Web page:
Let me preface by saying that every diet works because it creates a calorie deficit. Usually the more rigid and restrictive the diet, the greater the calorie deficit and the faster the weight loss.
It’s no secret that rigid and restrictive diet plans don’t work long-term because they are impossible to stick to.
The minute you ‘slip up’ feels like you’ve ruined all of your hard work and every time this happens it makes it harder to start over again.
Diet plans that force you to eliminate your favourite foods or entire food groups for the sake of weight loss are overly restrictive and unnecessary and for a lot of people, create even more of a problem.
The whole idea that some foods are good and some foods are bad is problematic in and of itself.
There is no single food or food group that is solely responsible for your weight gain just the same as there is no single good or food group that will be responsible for weight loss.
What is responsible for your weight gain is a consistent surplus of calories.
Those calories come from everything you eat regardless of what type of food it is.
Rigid and restrictive diets fail to educate you on this and instead, the success of that diet relies on your ability to stick the constraints of that diet regime.
Some people can stick it out for months at a time whereas others many only last a few short weeks or days even, depending on how restrictive the diet is.
This often leads to a cycle of over restriction, followed by binging usually by means of a weekend cheat meal that turns into an entire week of poor food choices and a huge surplus in calories.
Which ultimately leads to a spike in weight, only for the cycle to begin again with the next ‘new’ diet.
Wouldn’t it all be so much easier if you could just eat the foods you like and still lose weight?
Well, truth is, you can.
You just need to portion them appropriately to give your body the correct amount of calories you need.
You still need to be in a calorie deficit to lose weight, but that doesn’t mean you need to avoid the foods you like to eat and it doesn’t mean you need to sacrifice your social life.
Flexible dieting allows you to do this.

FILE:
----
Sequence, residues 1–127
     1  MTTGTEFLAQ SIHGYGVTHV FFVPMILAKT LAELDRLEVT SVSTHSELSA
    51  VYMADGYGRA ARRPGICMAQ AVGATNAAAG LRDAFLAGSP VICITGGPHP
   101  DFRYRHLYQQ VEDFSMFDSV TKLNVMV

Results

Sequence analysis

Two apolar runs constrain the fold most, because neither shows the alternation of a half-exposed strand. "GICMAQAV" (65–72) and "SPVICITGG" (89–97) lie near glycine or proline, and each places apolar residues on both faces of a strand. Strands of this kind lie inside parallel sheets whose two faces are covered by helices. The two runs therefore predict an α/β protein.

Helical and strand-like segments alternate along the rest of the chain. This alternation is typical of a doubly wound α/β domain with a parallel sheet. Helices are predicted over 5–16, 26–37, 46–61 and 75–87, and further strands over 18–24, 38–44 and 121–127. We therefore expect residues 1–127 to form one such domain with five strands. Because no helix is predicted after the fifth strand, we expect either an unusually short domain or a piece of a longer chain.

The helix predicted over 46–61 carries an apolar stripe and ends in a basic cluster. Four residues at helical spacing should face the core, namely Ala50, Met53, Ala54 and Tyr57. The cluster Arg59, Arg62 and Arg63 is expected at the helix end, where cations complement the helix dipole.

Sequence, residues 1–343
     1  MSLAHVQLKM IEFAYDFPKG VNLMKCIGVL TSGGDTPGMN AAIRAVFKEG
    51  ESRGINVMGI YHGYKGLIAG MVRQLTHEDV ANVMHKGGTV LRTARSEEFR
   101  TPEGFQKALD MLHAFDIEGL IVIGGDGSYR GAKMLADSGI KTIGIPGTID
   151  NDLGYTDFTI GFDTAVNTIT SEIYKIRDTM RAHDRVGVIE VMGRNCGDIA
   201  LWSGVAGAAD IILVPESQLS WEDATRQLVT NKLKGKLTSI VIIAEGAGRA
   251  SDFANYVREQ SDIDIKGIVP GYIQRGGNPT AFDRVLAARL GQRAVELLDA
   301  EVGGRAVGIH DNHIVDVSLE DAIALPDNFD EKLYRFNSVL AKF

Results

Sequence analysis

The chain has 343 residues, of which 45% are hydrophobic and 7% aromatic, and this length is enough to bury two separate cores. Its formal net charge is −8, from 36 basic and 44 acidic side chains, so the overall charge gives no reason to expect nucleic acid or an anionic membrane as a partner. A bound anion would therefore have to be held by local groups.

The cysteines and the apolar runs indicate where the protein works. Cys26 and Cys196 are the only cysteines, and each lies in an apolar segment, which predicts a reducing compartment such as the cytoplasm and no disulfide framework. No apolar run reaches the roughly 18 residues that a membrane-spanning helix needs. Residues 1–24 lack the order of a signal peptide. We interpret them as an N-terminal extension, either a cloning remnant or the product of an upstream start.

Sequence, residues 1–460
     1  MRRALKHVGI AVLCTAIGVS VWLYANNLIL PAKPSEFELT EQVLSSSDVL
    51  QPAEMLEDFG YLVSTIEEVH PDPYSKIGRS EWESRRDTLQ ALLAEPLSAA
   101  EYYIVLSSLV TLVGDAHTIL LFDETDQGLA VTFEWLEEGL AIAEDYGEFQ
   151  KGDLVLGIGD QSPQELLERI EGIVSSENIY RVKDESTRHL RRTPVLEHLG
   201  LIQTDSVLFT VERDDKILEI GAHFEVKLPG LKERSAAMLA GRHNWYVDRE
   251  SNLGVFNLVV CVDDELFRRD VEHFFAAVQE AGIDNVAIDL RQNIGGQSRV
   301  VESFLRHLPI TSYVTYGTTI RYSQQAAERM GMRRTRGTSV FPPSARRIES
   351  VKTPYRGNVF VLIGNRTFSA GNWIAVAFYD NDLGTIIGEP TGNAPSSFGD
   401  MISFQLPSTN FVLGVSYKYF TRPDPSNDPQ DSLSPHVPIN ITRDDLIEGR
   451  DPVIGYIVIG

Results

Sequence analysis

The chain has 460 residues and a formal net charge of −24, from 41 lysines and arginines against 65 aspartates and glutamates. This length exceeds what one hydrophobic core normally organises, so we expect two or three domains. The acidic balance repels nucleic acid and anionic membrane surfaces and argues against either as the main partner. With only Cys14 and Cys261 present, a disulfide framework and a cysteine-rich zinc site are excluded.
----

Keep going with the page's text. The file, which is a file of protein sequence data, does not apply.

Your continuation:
Flexible dieting is exactly as the name suggests, a flexible approach to dieting.
Flexible food choices and flexible eating patterns to fit your body’s needs and your lifestyle.
Eating out with friends doesn’t have to mean blowing out your diet or ruining your progress. You still have to plan accordingly and it certainly pays to be organised but at the end of the day, your average calorie intake is what determines whether you lose weight or not.
Think of it like having a financial budget and you’ve got an allocated amount you can spend on each meal.
For example, if you’ve got 1,800 calories to spend today and you eat 4 meals, that’s an allowance of 450 calories per meal.
Let’s say you’re going out for dinner with friends tonight, instead of eating 3 x 450 calorie meals during the day and leaving yourself with 450 calories hoping to make a ‘healthy’ choice at dinner, you could ‘borrow’ some calories from one of your earlier meals and have them at dinner.
So let’s say instead of having your usual 450 calorie morning tea, you decide to skip it all together, borrowing that 450 calories and adding them to your dinner.
Now you’ve got a 900 calorie budget to spend at dinner. That should be enough for a nice meal and possibly even a glass of wine!
How’s that for a weight loss diet.
You can even borrow calories from other days throughout the week and the end result is still the same.
Let’s say you eat 1,800 calories x 7 days. That’s a weekly total of 12,600 calories.
If you’ve got a big weekend of social occasions coming up, you could borrow some calories from the 5 week days and add them to your weekend like this. Monday to Friday eat 1,600 calories and on Saturday and Sunday eat 2,300 calories and your weekly total calorie intake will still remain the same 12,600.
5 x 1,600 = 8,000 | 2 x 2,300 = 4,600 | 8,000 + 4,600 = 12,600 calories.
You still need to be in a calorie deficit for a consistent length of time in order to lose weight but there’s absolutely no reason to be rigid or restrictive for the sake of it.
Having a flexible approach means you can grab food on the run so long as you choose an option that fits within your nutritional budget for that meal, or for that day.
Having a flexible approach means you can still enjoy meals out with friends and family and remain on track and in control of your weight.
Having a flexible approach means no food or food group needs to be off limits for the sake of restriction.
Having a flexible approach to dieting allows you to learn along the way and discover new recipes, lower calorie varieties of your favourite foods and it helps teach habits that are sustainable.
It’s these sustainable habits that lead to long-term weight loss and success.
Following a flexible diet still requires you to hold yourself accountable and to keep an accurate food record, at least in the early stages but once you learn about what foods, recipes and snacks best fit within your daily calorie budget it’s very easy to stay on track.
It helps take the guesswork out of what to eat and when and it removes the worry of “I can’t eat that, it’s not in my diet”.
Trying to force yourself to eat bland and boring foods you dislike is never going to last and variety is the spice of life.
A well managed flexible diet will give you the knowledge, confidence and satisfaction of being in control of your food and your body to achieve the results whilst enjoying the process.
A great place to start is with an app like Lose It or My Fitness Pal. Begin keeping a record of what you eat and drink as well as the quantities you’ve consumed.
After a full week or two, you’ll have a pretty good amount of information about your diet, where the majority of your calories are coming from and what meals you may need to work on improving.